Bienvenue to the eleventh issue of La Marmite featuring the foods of Normandy France.
In this issue you will also find featured:
A recipe for baked Camembert and an apple clafoutis recipe.
An invitation to join in the discussion.
Updates on all that is new at Easy French Food.
Welcome to Normandy France, land of green pastures and apple orchards, fat and happy cows, cream and a
lush variety of cheeses. But also a land of fishing villages and all the bounty of the Atlantic - lobster, mussels, sea snails, and much more. If there was ever a land made for a food lover, it is Normandy.
Here are just a few highlights of the gastronomical delights that await you in this northern region of
Seafood - Some of the more popular seafood featured in Norman cooking include scallops (coquilles
Saint Jacques), mussels (moules), and oysters (huitres). If you have the chance to dine
out in Normandy France, order a French seafood platter
for an excellent introduction to the variety of shellfish available.
Agneau de pre sale - This is lamb that has been grazed on the salt marshes of Normandy giving the meat a distinctive and highly prized flavor. It is so sought after, that it is difficult to find it for sale outside of the region.
Sausages, etc. - For the braver amongst you, there is an incredible variety of regional specialities
that fall under the category of charcuterie. These delicacies include: l’andouille de Vire
(sausage made with pork or beef intestines), le boudin blanc d'Essay (bloodless pork sausage made
with milk, eggs and various seasonings), and tripes a la mode de Caen (that'd be cow stomach cooked
Cheeses - Dozens of cheeses are fabricated in Normandy, including Camembert, Neufchatel,
Pont-l'Éveque , and Boursin. The mild coastal climate means that the cattle are able to graze on grass for
a longer period of time than in other cheese producing regions of France, conferring a distinctive character to Normandy cheeses. Not to be missed!
Other Dairy Products - The milk, butter, creme fraiche, and other dairy products produced
in Normandy are reputed as being the best in France, in particular those form the area around Isigny-sur-Mer.
There is even an AOC (appellation d'origine controlee) for Isigny cream and milk.
Apples - Where you don't find cows grazing , you are likely to see apples growing in Normandy.
Apples are used in all sorts of dishes including pairing them with lamb, rabbit or seafood, and of course
they are featured in many desserts. A significant amount of the apples are used to make cider.
Alcohols - There is a long tradition of fermentation and distillation in Normandy. Several of
the regional specialities are made from apples, including cider and Calvados,
an apple brandy. You will also find pear brandy (poire) and a special liqueur called Benedictine.
A trou Normande, as I mentioned in an earlier newsletter, is a palate cleanser made from Calvados that
is popular all over France.
Here are two easy recipes to get you started enjoying some of the culinary delights of Normandy France.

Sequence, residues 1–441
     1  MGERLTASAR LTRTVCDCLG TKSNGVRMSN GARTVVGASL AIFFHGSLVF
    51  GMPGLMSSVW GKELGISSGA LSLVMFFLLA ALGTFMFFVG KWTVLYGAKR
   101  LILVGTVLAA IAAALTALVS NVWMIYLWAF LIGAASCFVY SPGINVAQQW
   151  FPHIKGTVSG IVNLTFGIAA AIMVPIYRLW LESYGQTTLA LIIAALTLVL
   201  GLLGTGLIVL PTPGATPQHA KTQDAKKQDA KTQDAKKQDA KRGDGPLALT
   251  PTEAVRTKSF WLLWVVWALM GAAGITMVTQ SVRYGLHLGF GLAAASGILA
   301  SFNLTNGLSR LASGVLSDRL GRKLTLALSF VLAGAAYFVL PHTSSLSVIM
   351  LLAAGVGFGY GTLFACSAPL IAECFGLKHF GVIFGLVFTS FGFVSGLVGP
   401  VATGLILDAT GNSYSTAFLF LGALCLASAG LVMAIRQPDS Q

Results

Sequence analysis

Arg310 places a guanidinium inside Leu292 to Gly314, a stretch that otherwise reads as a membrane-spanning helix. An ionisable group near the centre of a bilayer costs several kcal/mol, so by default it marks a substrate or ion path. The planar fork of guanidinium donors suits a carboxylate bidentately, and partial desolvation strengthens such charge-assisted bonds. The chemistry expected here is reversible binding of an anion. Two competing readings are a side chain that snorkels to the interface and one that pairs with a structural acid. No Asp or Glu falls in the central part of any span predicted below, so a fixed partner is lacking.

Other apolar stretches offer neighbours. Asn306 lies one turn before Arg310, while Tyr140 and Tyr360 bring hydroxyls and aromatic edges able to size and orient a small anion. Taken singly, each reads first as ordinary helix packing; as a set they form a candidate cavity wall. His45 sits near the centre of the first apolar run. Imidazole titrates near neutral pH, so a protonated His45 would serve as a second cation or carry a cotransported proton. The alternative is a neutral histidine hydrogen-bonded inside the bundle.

Camembert cheese is a perfect place to begin your Norman culinary adventure. This soft uncooked cheese has
a downy rind like Brie, and like Brie it melts into something wonderful when you bake it. Although adamant
cheese connoisseurs argue that only an unpasteurized product allows the full character of Camembert to
flourish, pasteurized cheeses, which you should be able to find, are just fine for cooking.
You can serve the following recipe as an appetizer or even as a small meal. A 250 gram round of baked
Camembert served with a few garnishes would make a lovely dinner for two (you could call it a tete a tete normand).
Camembert au four
The simplest way to bake Camembert is in the wooden box in which it comes. Preheat the oven to 400 degrees F. Remove any wrappers or labels from the cheese. Carefully cut the rind off of just the top of the cheese and then place it, cut side up, in the bottom of the box. Place this on a baking tray and bake for 20 minutes. Serve in the box with various things to dip: rounds of baguette, endive leaves, and apple slices are all popular.
Variations: After removing the rind and before baking, you can top the cheese with various things. Popular
additions are thyme, garlic, pine nuts, olive oil, a sprinkle of sea salt, ground pepper, white wine, and even honey.
Note: Although I don't bother, if you are worried about the box catching on fire, you can soak it in water for a few hours before baking it. This recipe only works with wooden boxes - no plastic or cardboard.
I am a certified cheese freak and I couldn't imagine missing out on the pleasure of French cheese.
Does anyone have any suggestions for getting over the smell of cheese and into the pleasure of tasting it?
Join in the discussion and help out other frustrated readers.
Quoi de neuf?
Here are a few new recipes that I've added to Easy French Food since the last newsletter:
Quiche Recipes - It's been an eggy month at our house. For an easy dinner or brunch, try one of these tasty recipes.